After decades, we still talk about the role of notice and choice in privacy. Yet there seems to be broad recognition that notice and choice do nothing for the privacy of consumers. Some American businesses cling to notice and choice because they hate all the alternatives. Some legislators draft laws with elements of notice and choice, either because it’s easier to draft a law that way, because they don’t know any better or because they carry water for business.
For present purposes, I will talk about notice and choice generically as consent. Consent is a broader concept than choice, but the difference doesn’t matter for the point I want to make. How you frame consent is complex. There are many alternatives and many approaches. It’s not just a matter of opt-in or opt-out. While I’m discarding issues, I also want to acknowledge and set aside the eight basic Fair Information Practices. There is no notice and choice principle in FIPS, and FIPs are not specifically important here.
Until recently, my view was that consent in almost any form is pretty much death for consumer privacy. No matter how you structure it, websites and others will find a way to wheedle consent from consumers. Those who want to exploit consumer data will cajole, pressure, threaten, mystify, obscure, entice or otherwise coax consumers to agree.
Suddenly, I’m not as sure of my conclusion about consent. What changed my mind? There is a new data point from Apple's App Tracking Transparency framework. Apple requires mobile application developers to obtain opt-in consent before serving targeted advertising via Apple's Identifier for Advertisers. Early reports suggest consumers are saying "NO" in overwhelming numbers — overwhelming as in more than 90%.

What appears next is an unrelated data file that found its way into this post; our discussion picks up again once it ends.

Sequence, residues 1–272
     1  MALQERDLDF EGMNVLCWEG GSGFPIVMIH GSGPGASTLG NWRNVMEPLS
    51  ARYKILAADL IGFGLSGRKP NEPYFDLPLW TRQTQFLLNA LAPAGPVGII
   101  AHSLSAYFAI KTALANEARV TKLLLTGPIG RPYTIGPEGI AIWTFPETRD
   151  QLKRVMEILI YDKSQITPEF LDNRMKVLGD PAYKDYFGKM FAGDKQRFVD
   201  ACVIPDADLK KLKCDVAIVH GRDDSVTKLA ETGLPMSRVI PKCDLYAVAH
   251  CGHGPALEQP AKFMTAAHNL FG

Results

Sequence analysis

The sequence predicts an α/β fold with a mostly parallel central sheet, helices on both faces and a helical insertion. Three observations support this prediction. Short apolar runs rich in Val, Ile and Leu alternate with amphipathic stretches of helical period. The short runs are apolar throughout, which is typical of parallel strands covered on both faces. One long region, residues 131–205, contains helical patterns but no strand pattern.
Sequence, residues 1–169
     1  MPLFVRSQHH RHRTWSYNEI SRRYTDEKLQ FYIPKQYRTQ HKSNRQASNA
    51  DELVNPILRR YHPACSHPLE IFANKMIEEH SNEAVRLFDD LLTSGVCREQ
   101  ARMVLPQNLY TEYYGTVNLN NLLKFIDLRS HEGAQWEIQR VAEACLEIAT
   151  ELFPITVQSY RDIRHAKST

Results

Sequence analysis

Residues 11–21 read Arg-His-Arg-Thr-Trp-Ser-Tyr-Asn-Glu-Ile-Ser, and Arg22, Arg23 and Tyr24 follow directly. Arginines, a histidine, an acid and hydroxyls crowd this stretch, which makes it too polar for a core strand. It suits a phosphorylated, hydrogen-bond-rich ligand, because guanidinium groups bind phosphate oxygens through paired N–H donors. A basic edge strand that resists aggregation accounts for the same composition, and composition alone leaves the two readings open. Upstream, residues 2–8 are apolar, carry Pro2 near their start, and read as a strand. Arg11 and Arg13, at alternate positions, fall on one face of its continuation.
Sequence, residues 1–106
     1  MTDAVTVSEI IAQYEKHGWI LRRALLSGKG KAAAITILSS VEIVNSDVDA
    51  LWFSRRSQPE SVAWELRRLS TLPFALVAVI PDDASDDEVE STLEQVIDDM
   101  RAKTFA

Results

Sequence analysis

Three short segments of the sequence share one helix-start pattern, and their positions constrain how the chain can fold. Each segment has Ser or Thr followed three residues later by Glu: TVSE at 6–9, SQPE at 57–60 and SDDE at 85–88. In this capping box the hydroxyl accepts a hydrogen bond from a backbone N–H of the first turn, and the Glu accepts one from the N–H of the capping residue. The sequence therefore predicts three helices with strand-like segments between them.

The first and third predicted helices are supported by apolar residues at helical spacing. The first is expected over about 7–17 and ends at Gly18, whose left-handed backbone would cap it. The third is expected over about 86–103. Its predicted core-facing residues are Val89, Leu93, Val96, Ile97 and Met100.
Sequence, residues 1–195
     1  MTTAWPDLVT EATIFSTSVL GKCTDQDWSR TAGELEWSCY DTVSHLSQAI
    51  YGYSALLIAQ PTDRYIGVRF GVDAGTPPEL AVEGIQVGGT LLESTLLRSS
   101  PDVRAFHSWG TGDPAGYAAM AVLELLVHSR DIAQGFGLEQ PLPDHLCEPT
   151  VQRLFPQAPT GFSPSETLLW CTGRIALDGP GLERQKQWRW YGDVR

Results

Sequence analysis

It isn’t this strong consumer reaction that makes me think consent might possibly have a place. I want to highlight a different aspect of the Apple framework.
Before I do, I want to remind everyone of the National Do Not Call Registry run by the U.S. Federal Trade Commission. By one measure, the registry is a smashing success. It includes more than 240 million phone numbers. That means that a lot of people opted-in to the registry with an affirmative act. It was not a choice presented to them, but something that each individual had to seek out on their own by adding their number to the list. It is one measure of how much people hate spam calls.
The registry is a failure in many ways. I average about four spam calls a day, most from crooks or foreigners beyond the reach of U.S. law. The registry is a success in other ways because I do not get calls from American companies that comply with the law. How many calls do I not get? That’s impossible to say. But I know that if I give my phone number to a legitimate American company, I won’t get a marketing call from them.
What do the Apple framework and the registry have in common? In both cases, a third party sets the terms and the methodology for consumer choice. In the one case, Apple set the terms. In the other case, the FTC did. This is not what happens when a website unilaterally sets the terms of consent. A one-sided approach is why consent does nothing for consumers today.